This is an edited version of a column that appears in the August issue of The Business Monthly serving Howard and Anne Arundel counties.
By Len Lazarick
Maryland has never had a strong movement to put “none of the above” on election ballots, but perhaps the nominations of Hillary Clinton and Donald Trump could change that.
Only one state, Nevada, has “none of these candidates” as a non-binding option on the ballot, though a judge recently struck down this 40-year old law. California voters rejected a proposition creating “none of the above” as an election choice in 2000.
Countries giving voters the option of “none of the above” include India, Greece, Ukraine, Spain and Colombia. Russia had it briefly until 2006; Pakistan also had it one year. The United States is highly unlikely to follow these examples. It also seems unlikely “none of the above” would improve our already excessively complicated presidential election.
What’s a voter dissatisfied with Clinton or Trump to do?
Obviously, you can simply not vote in the presidential contest. More than 800,000 Marylanders over 18 have not even bothered to register to vote and so are already blanking those choices.
You could also write in the name of one of the 18 candidates for president from all over the country who have registered with the Maryland State Board of Elections. Why 18 people would do this simply so votes for them could be could be counted is bewildering. The state already reports write-in votes for candidates who haven’t registered. For instance, in 2012, Santa Claus got the largest tally with 625 write-in votes; Roseanne Barr got only 64.
In the next remake of “Miracle on 34th Street,” might these official tallies be used to prove the existence of Santa Claus?
Libertarians and Greens
The third option is to vote for the two candidates from two other parties that Maryland recognizes and will actually appear on the ballot. That is Libertarian Party’s Gary Johnson, the former governor of New Mexico, and the Green Party’s Jill Stein, a Massachusetts doctor. Both ran as their parties nominees in 2012. Johnson got 30,000 votes (1.1%) in Maryland and Stein got 17,000 (.6%).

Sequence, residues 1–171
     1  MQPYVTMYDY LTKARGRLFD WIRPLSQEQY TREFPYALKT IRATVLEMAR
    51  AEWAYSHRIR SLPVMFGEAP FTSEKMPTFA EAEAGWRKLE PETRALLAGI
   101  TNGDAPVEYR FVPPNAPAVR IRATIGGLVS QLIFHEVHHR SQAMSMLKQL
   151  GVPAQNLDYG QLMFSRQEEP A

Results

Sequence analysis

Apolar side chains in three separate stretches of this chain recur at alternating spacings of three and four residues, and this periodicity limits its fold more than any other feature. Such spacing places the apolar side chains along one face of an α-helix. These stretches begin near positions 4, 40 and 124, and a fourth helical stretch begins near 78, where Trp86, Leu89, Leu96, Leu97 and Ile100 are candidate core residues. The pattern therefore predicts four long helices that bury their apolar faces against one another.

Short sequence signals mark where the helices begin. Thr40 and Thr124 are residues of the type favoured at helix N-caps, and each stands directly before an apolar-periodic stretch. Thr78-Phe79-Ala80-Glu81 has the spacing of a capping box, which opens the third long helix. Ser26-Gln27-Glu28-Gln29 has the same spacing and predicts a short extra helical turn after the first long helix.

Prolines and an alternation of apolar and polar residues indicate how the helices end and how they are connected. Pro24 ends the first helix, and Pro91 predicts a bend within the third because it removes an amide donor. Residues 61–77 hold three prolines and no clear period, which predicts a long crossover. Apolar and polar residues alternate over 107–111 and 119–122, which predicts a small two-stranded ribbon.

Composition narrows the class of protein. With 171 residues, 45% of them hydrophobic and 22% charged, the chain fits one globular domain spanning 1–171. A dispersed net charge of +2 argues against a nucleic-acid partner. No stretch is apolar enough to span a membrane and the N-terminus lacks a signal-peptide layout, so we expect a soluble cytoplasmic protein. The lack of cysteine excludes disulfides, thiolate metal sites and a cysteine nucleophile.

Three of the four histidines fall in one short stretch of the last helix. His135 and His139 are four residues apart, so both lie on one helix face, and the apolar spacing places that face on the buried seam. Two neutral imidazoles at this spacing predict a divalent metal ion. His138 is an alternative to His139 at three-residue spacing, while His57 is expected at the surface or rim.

The Libertarian Party as the name implies favors limited government, less regulation and lower taxes. Some Republicans consider themselves part of the libertarian wing of their own party. Both Johnson and his running mate Bill Weld, the former governor of Massachusetts, were two-term Republican chief executives.
The Libertarian Party and its candidates favor less foreign military action, such as in Iraq and Afghanistan, and few restrictions on personal freedoms that do not injure other persons. That’s where their views diverge significantly from mainstream Republicanism. Of the Republicans who ran for president in this cycle, Sen. Rand Paul came closest to libertarian views. His father, former Texas Congressman Ron Paul, was the Libertarian Party candidate for president in 1988, but got only 6,700 votes in Maryland at that time.
UPDATED The Libertarian Party has been on the ballot in all 50 states in past years, and party officials expect it again this year.
Dr. Jill Stein and her Green Party have broad appeal to Bernie Sanders voters. She says on her website, “We are being battered by unemployment, inequality, poverty, injustice, endless war, impending climate catastrophe and a broken, corrupt political system. There are solutions to all these problems but they are being blocked by political parties that serve the new corporate elite not the people. We need a new way forward that puts people, planet and peace over profit.”
Doesn’t matter in Maryland
In Maryland, it probably doesn’t matter if someone doesn’t vote for Hillary. Because of her strong support among minorities — Maryland is now about 48% minority — she will likely win a state that hasn’t gone Republican since 1988. Barack Obama got 62% of Maryland’s vote in 2012, the 4th highest in the nation. Bernie Sanders’ home state of Vermont was highest at 66%, followed by New York and Rhode Island.
But Democrats are worried about other states where margins are much closer, such as Florida. There in 2000, Ralph Nader of the Green Party took enough votes from Democrat Al Gore that he lost the electoral college and the entire election to George W. Bush.
Both parties want to frame this election as a moral choice. If you don’t vote for Trump, it’s a vote for Clinton, Republican stalwarts say; if you don’t vote for Hillary, it’s a vote for Trump, say committed Dems. But the lesser of two evils is still evil, and that’s what some Sanders voters seem to be saying.